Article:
Jesse Holland (MMAmania): What's your relationship with the other refs in the UFC like Big John and Herb Dean?
Steve Mazzagatti: We're friends, we have a mutual respect for each other. We also make sure we take care of each other. I'm probably more likely to go and hang out with Herb. We (the refs) like to compare notes sometimes but we never pass judgment on the officiating of another ref.
Jesse Holland (MMAmania): Describe your relationships with the fighters. Any friends?
Steve Mazzagatti: (Sighs) Man it's tough. We got so many great guys here it's so hard to avoid friendships but you have to be careful. I have a job to do and in that job I have to be unbiased. I don't want a fighter that I'm gonna be officiating look over and see me being all chummy with his opponent so I have to empty my cup and just be neutral. I tell these guys don't think I'm a prude it's just an unfortunate part of the job.
Jesse Holland (MMAmania): Tell us about your debut at UFC 43. What was that like?
Steve Mazzagatti: I had already been officiating for close to ten years but it was definitely exciting. The cage was an adjustment for me but I was more nervous in my first MMA match: Frank Trigg against Laverne Clark at WFA 1. Man they threw me right in there with the big boys.
Jesse Holland (MMAmania): On that note do you prefer the cage or the ring?
Steve Mazzagatti: For an official I would say I prefer the cage. To me it's less controversy because there are no ropes. In the ring you have to do a lot of repositioning, guys who may be working towards something lose their position or even worse you get a rope tangle, I guess its just easier in that respect fighting in the cage. I think the ring would be favorable to the fans because you get a much better view of the action.
Jesse Holland (MMAmania): Okay Steve I've been going too easy on you. Now we have to get some dirt on you. Are you ready?
Steve Mazzagatti: (Laughs) Bring it on! C'mon!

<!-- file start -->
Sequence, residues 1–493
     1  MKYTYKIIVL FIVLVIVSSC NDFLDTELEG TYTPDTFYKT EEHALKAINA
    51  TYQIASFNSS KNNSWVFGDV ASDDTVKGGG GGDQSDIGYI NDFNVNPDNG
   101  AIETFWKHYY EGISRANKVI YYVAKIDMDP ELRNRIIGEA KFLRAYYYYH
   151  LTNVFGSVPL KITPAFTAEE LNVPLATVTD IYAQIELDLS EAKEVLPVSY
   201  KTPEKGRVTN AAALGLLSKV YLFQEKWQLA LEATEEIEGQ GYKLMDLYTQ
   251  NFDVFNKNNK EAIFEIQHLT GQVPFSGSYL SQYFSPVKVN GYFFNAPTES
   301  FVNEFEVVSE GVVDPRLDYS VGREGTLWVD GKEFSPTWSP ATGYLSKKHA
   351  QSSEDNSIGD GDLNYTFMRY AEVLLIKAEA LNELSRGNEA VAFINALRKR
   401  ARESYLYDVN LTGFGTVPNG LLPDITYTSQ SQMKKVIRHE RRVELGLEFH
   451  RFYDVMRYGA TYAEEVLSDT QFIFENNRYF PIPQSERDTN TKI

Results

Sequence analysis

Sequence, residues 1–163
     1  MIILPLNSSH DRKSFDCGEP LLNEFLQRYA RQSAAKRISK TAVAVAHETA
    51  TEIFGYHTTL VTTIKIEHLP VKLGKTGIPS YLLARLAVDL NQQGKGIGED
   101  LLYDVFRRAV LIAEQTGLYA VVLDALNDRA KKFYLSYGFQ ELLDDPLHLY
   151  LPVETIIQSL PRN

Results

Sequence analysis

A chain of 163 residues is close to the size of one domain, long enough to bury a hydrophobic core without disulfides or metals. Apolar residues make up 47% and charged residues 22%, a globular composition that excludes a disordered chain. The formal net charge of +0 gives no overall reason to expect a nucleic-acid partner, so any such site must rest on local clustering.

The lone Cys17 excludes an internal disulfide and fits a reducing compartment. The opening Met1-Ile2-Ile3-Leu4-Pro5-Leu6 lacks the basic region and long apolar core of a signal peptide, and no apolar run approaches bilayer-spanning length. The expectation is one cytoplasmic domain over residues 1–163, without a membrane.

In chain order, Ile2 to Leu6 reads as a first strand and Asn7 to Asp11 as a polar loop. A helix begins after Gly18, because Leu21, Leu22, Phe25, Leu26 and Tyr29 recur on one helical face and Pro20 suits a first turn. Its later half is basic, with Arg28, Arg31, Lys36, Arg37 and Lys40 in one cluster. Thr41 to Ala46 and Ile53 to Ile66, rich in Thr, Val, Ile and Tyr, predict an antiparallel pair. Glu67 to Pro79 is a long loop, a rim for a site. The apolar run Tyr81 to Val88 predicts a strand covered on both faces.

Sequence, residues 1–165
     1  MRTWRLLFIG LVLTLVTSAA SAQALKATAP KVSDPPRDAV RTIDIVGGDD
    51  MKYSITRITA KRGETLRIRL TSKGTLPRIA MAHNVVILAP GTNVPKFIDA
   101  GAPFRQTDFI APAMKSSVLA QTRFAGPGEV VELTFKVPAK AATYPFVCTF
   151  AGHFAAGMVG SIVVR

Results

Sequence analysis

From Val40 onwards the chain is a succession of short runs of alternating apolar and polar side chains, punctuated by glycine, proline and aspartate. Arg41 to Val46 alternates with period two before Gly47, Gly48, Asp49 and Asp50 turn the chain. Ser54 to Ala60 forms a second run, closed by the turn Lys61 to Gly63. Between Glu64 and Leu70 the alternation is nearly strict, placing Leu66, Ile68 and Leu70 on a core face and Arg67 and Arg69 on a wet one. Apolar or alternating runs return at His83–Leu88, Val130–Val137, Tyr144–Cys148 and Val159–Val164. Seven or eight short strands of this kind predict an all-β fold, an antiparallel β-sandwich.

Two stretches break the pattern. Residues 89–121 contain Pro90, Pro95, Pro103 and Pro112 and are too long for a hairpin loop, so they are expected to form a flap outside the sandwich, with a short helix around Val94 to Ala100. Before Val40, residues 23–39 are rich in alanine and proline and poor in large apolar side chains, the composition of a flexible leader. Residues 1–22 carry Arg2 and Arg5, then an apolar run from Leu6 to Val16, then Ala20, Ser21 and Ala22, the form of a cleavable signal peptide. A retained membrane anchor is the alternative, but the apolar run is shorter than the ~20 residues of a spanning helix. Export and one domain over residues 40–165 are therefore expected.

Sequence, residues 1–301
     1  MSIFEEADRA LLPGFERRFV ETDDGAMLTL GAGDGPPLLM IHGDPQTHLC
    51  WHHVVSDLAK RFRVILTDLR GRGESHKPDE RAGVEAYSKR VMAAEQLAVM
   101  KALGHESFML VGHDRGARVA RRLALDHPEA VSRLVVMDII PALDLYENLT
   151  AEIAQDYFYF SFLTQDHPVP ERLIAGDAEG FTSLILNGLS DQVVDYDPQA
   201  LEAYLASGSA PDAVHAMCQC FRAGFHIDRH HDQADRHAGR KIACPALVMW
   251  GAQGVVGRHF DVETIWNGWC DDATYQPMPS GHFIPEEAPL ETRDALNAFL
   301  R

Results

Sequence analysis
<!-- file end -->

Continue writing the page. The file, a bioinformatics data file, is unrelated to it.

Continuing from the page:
Jesse Holland (MMAmania): I want to focus on stoppages because as an official it's where you get the most criticism. Really the only stoppage of yours that I would consider controversial, at least from a fans perspective, is the Yves Edwards/Josh Thompson match. Can you take us through that call?
Steve Mazzagatti: There is a lot to consider as a ref when making a call like that. No question Josh took a big shot but remember too Yves had poor positioning. It's different when someone gets dropped with a punch because they're right at your feet you can just mount and strike. That (positioning) plays a big part in stopping the fight. After the kick Yves was on the ground and had to first get back up and get over there to finish it. I had a responsibility to Josh to allow him at least that time to recover. Even when Yves got back and started punching his first three shots missed. I stopped it at that point when I knew for sure Josh wasn't recovering. Seeing it on TV it's hard to appreciate but so much of a ref's decision is based on body language or a fighter's eyes. I could see Josh's face - he wasn't out. These guys train so hard and for so long for just a few minutes of fighting you gotta be sure that you don't stop it too early. You gotta give these guys a chance.
Jesse Holland (MMAmania): Did you ever have a fighter get down on you for a call?
Steve Mazzagatti: No, never. I have a pretty good reputation for stopping fights. After Edwards/Thompson I'll never be accused of stopping a fight too early that's for sure.
Jesse Holland (MMAmania): (Laughs)
Steve Mazzagatti: Hey man you're only as good as your last bad call!
Jesse Holland (MMAmania): So let me ask you then if a fighter like Tito or Chuck is in all kinds of trouble would you let it go a little longer before stopping it as opposed to someone who doesn't have the experience or is it the same across the board?
Steve Mazzagatti: I definitely give more leeway to the top guys because they've proven themselves. These guys who train so hard for so long need to know and even the fans need to know that they won or lost. Take a guy like Forrest Griffin man he fights his ass off but he got caught it happens but you gotta make sure they lost. These guys know what we expect I tell them in the locker room flat out: A heaping ball of passivity is not an intelligent defense. Conscious or unconscious the brain still takes the same amount of punishment.